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Ocobter 18, 2002
CONTACT: David Fish
(202) 289-8928

Feds Pursue Command-and-Control Electricity Policy
Lenard in Regulation Magazine: "FERC's New Regulatory Agenda"

WASHINGTON, D.C. - Federal officials seem to be turning to command-and-control policies for the nation’s electric power grid, according to a leading energy economist, who writes that the Federal Energy Regulatory Commission is pursuing “regulatory activism” with respect to both electricity transmission and the wholesale power market. In an article published in the new edition of Regulation magazine, The Progress & Freedom Foundation’s Thomas M. Lenard questions the wisdom of this new policy tilt, urging a reduction in government’s role.

“During the last year and a half, the FERC has embarked on a significantly more regulatory course than it was on before,” Lenard writes in Regulation. “FERC’s regulatory activism is occurring without sufficient analysis of whether the approach will improve the functioning of markets or be beneficial to consumers.” The question, Lenard writes, is “whether competition can be achieved by substituting a new regulatory regime for the old one – as FERC is in the process of doing – or whether competition requires reducing the role of government in the marketplace.”

Lenard maintains the regulatory approach is most evident in the area of transmission, where FERC “is moving aggressively to divide the nation’s power grid into a small number of quasi-government entities called Regional Transmission Organizations, and to prescribe in detail how [they] should operate.” In the wholesale power market, he says the agency is pursuing ‘market monitoring’ “that will place generators under the continuing threat of price caps, mandated refunds, and loss of market-based authority.”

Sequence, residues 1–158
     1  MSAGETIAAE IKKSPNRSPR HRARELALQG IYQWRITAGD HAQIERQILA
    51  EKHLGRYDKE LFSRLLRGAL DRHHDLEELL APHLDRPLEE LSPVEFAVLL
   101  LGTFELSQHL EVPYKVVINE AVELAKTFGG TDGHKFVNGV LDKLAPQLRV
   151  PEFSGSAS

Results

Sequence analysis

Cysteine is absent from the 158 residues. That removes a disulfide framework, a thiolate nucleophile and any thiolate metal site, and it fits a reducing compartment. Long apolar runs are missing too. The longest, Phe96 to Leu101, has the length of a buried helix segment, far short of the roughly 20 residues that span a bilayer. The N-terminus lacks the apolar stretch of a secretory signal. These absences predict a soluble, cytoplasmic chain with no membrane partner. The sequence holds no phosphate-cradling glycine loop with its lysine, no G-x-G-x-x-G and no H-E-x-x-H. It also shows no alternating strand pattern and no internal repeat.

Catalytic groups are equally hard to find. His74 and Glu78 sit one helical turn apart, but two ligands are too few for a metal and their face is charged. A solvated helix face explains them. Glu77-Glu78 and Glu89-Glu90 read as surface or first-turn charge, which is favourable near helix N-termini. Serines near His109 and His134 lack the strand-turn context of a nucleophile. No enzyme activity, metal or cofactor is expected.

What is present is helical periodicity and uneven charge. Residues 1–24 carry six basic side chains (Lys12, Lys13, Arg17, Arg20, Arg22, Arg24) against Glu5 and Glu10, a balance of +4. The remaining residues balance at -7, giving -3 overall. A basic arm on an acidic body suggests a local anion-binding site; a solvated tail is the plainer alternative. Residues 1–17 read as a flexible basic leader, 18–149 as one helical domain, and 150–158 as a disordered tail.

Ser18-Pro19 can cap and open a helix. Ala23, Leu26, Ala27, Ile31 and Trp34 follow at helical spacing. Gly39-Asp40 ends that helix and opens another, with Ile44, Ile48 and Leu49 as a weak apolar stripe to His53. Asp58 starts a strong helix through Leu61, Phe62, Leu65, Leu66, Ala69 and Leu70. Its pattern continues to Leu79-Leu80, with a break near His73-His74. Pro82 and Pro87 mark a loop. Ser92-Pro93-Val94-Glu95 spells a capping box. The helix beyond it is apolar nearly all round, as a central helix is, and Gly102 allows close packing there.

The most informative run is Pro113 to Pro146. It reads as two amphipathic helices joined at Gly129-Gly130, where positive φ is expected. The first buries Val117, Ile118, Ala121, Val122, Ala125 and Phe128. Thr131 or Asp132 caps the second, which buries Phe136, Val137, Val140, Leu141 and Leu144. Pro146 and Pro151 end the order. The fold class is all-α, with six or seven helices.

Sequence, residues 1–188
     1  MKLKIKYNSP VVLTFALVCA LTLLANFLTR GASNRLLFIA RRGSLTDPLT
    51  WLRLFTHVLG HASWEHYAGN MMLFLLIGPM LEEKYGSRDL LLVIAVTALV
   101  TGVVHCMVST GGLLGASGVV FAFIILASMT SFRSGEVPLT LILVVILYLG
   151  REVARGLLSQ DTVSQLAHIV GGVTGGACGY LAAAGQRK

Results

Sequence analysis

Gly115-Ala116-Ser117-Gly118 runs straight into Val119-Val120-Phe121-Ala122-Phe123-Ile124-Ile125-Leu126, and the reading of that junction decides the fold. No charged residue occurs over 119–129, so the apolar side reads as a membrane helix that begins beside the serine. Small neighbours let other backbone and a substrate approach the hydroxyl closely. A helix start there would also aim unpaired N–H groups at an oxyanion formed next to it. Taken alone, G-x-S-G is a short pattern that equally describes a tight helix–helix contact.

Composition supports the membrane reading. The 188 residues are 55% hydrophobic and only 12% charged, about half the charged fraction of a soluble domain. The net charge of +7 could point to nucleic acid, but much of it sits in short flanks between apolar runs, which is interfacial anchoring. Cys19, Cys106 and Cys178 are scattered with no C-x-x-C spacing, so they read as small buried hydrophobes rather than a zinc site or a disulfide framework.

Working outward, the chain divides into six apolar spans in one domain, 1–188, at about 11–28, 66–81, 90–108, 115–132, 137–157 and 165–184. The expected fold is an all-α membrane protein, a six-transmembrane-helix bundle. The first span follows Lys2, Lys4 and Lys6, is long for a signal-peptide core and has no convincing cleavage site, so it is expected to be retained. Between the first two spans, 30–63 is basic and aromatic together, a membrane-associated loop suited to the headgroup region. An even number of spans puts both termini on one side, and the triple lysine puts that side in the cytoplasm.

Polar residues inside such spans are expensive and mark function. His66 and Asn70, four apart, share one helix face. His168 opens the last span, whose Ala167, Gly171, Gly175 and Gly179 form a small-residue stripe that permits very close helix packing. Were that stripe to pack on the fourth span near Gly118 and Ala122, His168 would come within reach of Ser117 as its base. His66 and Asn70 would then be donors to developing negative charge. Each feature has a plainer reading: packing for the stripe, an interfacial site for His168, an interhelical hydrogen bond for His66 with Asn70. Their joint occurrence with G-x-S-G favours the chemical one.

Citing figures that show a “robust” wholesale market has developed in recent years, Lenard says “serious transmission bottlenecks” exist in all parts of the country, including where similar government entities exist already. This is due in large part to a lack of investment in transmission capacity; something he concludes will not increase, and very likely will decline, under FERC’s more regulatory regime.

Lenard and other experts raised these and other concerns at a PFF-sponsored roundtable discussion with FERC Chairman Pat Wood, III yesterday in Washington.

The Progress & Freedom Foundation is a market-oriented think tank that studies the digital revolution and its implications for public policy. It is a 501(c)(3) research & educational organization.



The Progress & Freedom Foundation